June 9, 2008

Charles Dickens

Today, June 9, in 1870, Charles Dickens died. His writing really did a lot of good for the common people and outcasts, improving poor working conditions, and creating child labor laws. His tomb is inscribed with - "He was a sympathiser to the poor, the suffering, and the oppressed; and by his death, one of England's greatest writers is lost to the world."

I've both read and listened to, most of Charles Dickens' novels. Though not his most popular or most remembered book, my favorite is one of his last books, which was made into a movie, which I really like - Our Mutual Friend. And I've read GK Chesterton's book on Charles Dickens, who raves about his writing and likes Our Mutual Friend best too. So I'm in good company!

A Tale of Two Cities depicts both England and France. Dickens was trying to show the difference between a country who lived believing in God and another who seemed to be rejecting God - especially during the era of the guillotine!

Though Great Expectations may be his most remembered, it is my least favorite. Oliver Twist really tugged at heart-strings for street children in horrible working and living conditions. I like David Copperfield, and feel it's autobiographical. Little Dorrit could be autobiographical too. I saw it as a movie from our library, and it depicts life of families who's main bread-winner is in debtor's prison, with the family living there, but able to come and go, whereas the one who could be working to pay off his debts, is not free to go (many of them were shipped to American and Australian colonies).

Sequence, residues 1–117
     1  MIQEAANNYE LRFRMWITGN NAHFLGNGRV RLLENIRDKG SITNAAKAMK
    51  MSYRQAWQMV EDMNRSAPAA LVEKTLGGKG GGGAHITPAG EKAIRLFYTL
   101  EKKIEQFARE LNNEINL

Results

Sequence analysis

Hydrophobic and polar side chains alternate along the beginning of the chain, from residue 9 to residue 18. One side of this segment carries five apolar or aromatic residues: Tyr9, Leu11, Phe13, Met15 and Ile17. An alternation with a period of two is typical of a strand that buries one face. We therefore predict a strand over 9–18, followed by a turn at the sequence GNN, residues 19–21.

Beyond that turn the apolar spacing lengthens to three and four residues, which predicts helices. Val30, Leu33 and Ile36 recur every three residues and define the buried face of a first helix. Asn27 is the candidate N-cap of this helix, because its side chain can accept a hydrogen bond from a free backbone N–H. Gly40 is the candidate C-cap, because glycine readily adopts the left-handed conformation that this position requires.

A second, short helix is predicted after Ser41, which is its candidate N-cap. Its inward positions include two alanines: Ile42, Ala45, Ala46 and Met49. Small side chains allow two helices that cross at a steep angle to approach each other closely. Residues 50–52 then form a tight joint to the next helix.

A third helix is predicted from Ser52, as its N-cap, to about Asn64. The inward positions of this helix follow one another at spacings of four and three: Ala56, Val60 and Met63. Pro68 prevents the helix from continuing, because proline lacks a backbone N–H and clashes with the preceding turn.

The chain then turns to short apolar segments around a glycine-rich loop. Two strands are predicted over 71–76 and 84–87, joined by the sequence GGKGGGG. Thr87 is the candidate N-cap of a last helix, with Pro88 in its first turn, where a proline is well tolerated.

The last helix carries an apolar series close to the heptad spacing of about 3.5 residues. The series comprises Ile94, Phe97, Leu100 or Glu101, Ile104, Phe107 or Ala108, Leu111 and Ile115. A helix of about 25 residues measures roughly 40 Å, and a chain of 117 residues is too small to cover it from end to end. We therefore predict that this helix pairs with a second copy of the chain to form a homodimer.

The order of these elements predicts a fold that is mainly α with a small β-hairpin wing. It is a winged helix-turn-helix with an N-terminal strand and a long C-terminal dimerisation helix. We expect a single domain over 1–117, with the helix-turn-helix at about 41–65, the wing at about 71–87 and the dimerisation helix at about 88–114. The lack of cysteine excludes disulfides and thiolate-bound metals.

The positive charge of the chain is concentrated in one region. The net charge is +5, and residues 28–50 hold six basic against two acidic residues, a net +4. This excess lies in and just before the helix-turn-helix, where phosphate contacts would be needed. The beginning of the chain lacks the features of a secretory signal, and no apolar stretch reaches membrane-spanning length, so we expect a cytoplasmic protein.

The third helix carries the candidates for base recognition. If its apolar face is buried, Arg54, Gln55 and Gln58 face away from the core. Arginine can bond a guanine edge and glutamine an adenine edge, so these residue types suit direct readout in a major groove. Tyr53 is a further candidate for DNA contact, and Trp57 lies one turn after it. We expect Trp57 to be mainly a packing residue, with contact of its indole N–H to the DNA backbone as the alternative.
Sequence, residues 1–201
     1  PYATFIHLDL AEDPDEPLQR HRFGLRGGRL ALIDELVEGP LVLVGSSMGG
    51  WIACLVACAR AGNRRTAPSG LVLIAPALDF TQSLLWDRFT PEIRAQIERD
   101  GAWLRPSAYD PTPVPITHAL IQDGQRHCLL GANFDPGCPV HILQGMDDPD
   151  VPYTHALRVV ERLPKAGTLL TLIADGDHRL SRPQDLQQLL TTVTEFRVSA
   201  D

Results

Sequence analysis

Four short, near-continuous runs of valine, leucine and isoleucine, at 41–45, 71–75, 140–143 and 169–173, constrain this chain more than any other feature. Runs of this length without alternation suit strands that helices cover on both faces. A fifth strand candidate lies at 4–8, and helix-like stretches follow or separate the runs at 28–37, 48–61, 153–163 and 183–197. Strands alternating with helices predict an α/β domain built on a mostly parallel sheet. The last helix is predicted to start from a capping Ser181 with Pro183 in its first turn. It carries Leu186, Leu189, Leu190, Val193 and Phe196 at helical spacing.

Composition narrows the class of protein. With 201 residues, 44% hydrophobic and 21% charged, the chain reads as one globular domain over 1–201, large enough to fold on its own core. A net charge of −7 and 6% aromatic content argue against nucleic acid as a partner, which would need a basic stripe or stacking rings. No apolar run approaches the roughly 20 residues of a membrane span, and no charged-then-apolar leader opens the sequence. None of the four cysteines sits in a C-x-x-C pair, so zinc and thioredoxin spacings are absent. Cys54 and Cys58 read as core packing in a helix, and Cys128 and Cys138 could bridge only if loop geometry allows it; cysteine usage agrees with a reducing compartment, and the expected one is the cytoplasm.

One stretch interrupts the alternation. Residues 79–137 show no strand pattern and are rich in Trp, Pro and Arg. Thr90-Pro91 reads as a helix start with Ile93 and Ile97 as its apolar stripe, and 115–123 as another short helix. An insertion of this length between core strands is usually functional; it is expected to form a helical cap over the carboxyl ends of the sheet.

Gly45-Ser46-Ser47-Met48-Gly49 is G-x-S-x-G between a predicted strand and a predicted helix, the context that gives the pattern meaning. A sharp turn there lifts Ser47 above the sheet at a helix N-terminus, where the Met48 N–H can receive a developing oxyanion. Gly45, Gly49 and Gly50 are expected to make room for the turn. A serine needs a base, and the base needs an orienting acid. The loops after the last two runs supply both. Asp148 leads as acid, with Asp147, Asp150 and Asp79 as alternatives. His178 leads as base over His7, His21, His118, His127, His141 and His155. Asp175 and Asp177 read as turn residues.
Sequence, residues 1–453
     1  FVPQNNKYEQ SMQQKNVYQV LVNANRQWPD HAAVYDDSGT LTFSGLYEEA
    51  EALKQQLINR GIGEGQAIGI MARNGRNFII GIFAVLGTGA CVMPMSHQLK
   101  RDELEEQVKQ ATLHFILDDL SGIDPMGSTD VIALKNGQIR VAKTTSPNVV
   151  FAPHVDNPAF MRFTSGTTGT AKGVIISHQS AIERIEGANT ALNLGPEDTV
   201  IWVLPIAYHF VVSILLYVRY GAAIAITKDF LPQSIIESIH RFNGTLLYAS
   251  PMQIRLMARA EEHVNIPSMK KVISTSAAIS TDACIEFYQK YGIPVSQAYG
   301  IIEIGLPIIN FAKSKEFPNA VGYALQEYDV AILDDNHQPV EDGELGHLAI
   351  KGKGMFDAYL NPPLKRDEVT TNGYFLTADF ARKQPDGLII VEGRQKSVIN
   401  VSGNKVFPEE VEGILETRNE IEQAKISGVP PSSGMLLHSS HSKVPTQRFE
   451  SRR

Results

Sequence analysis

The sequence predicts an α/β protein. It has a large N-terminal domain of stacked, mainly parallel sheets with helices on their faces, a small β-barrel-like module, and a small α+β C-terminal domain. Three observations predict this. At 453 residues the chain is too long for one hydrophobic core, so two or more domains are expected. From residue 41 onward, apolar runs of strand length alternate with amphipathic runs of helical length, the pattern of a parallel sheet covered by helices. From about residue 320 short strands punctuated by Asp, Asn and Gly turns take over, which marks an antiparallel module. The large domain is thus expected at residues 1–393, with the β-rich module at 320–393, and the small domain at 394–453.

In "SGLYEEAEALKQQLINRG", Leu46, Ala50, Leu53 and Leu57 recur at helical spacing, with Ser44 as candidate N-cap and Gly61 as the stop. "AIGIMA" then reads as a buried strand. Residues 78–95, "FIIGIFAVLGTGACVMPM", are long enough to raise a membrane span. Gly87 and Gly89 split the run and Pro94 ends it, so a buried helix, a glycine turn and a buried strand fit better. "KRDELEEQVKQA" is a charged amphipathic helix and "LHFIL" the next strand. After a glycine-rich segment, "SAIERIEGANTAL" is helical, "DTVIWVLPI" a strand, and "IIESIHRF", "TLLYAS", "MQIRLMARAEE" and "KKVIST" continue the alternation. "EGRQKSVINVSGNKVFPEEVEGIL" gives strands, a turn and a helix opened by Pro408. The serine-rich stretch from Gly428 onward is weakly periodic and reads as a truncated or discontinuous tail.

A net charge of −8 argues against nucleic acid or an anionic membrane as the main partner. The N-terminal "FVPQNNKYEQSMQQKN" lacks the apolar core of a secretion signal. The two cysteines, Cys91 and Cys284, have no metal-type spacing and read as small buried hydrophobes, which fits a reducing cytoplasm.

There's another book series us Coloradoans like, since they take place very close to home - by Ralph Moody. Little Britches is the first book (another title earlier) made into a movie (with the current title). In that first book in the series, the family is homesteading west of Denver. It's a true story and as good a read as Little House on the Prairie. On their 'day of rest' they often went into the Bear Creek River basin below their ranch for a picnic and Mother would read from the books they ordered in the post. Charles Dickens' writings were what the book mentions being read most.

Charles Dickens said, "This is a world of action, and not for moping and droning in."

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